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Mitch Goldberg

Senior Scientist
Image of Mitch Goldberg

Mitch Goldberg, Senior Scientist at NESDIS, first began working at NOAA as an intern in 1979 within the NESDIS Office of Research and Application (ORA), now the NESDIS Center for Satellite Applications and Research (STAR).

In the mid 1980’s, Dr. Goldberg developed the first operational physical sounding algorithm, which is still utilized by the Polar Operational Environmental Satellite (POES) legacy satellites. He officially joined NOAA in 1990, and through the early 2000’s, served as the NOAA member of NASA’s AQUA AIRS science team, responsible for a number of sounding algorithms and overseeing the development of an operational system. Today this system is still providing AIRS data to NWP centers.

In 2002, Mitch became Chief of the NESDIS Satellite Meteorology and Climatology Division (SMCD) at NESDIS STAR. At SMCD, he led a division of 27 scientists supported by nearly 100 contractors in calibrating satellite instruments, transitioning research products to operational production, developing radiative transfer models for satellite weather forecasting data assimilation systems, developing and analyzing long-term satellite data sets for studying and assessing climate change, and planning and preparing for new satellite instruments.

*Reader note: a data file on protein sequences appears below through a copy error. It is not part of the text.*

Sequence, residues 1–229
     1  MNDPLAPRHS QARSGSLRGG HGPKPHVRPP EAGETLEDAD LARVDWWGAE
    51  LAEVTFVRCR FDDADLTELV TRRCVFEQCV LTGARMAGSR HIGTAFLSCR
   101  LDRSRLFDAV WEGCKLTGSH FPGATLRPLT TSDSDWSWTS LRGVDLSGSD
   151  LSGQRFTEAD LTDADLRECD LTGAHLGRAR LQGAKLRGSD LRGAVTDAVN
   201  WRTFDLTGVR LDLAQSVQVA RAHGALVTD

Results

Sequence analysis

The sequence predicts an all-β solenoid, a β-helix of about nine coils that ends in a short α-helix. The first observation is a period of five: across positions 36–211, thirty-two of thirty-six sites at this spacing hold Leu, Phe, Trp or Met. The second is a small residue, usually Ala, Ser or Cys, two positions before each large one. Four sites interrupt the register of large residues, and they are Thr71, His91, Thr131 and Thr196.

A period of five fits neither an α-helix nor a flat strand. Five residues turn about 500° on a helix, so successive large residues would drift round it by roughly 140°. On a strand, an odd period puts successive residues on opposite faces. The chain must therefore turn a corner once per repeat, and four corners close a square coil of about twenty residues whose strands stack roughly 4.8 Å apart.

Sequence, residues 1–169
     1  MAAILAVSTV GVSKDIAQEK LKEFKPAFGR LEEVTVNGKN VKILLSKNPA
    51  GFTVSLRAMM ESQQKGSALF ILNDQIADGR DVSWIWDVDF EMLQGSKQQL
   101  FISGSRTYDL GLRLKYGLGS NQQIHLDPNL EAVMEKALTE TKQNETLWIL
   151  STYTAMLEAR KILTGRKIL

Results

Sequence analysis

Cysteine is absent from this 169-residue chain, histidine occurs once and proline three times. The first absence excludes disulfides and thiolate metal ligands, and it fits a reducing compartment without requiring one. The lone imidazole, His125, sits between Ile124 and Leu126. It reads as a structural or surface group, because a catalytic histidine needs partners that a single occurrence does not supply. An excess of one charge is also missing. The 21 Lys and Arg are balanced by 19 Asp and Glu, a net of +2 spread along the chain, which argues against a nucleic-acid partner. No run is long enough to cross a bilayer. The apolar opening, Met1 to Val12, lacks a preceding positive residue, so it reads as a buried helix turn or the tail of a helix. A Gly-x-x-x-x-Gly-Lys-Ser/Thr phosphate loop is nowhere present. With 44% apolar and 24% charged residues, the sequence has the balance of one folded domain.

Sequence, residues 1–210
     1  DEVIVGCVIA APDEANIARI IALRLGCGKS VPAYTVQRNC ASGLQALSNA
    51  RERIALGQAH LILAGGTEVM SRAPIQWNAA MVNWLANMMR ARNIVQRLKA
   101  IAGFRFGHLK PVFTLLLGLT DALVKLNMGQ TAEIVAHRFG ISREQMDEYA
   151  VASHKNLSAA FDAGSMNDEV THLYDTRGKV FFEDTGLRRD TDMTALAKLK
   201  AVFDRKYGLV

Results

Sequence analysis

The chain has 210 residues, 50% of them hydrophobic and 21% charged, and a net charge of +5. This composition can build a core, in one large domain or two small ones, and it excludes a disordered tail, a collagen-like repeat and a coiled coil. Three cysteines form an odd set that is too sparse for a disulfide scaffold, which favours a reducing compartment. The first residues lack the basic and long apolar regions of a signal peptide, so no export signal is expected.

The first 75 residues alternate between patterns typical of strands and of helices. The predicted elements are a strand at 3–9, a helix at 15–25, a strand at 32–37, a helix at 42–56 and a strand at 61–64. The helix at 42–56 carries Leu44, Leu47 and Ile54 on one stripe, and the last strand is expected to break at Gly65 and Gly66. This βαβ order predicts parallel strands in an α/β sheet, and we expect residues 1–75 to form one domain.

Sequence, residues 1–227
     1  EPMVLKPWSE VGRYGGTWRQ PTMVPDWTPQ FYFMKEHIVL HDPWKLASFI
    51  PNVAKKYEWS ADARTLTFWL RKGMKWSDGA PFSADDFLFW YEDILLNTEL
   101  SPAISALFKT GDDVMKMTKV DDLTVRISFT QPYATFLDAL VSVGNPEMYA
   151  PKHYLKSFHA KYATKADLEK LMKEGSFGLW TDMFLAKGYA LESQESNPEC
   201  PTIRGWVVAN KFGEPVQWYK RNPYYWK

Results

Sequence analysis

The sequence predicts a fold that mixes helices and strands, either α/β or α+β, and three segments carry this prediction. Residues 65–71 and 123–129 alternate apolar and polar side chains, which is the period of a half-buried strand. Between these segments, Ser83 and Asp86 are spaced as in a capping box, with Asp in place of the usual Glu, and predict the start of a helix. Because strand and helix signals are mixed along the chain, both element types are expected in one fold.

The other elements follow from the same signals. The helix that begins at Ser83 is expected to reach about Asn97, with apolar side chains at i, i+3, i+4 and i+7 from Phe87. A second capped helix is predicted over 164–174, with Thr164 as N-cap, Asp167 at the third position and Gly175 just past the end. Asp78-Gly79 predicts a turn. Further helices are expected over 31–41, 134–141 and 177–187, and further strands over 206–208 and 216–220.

During this time, he also formed the Geostationary Operational Environmental Satellites R-Series(GOES-R) algorithm working group (AWG), responsible for providing the science algorithms for the GOES-R operational production system. In 2011, he moved to the Joint Polar Satellite System (JPSS) program to become the new JPSS Senior Scientist. Here, he served as an independent expert and representative of the science and user communities responsible for ensuring the scientific integrity at all stages of satellite development.

Dr. Goldberg is a Fellow of the American Meteorological Society (AMS), and the current chair of the AMS Satellite Meteorological, Oceanography, and Climatology Committee. He has received three Gold Medals, one Silver Medal, and five Bronze Medals from the Department of Commerce, including the 2010 NOAA Administrator’s Award for leadership in developing the international Global Space-based Inter-Calibration System (GSICS). He received the University of Maryland’s Most Distinguished Alumnus Award from the Department of Atmospheric and Oceanic Science in 2004.

Dr. Goldberg earned his Bachelor of Science from Rutgers University and his Master of Science and Ph.D. degrees from the University of Maryland.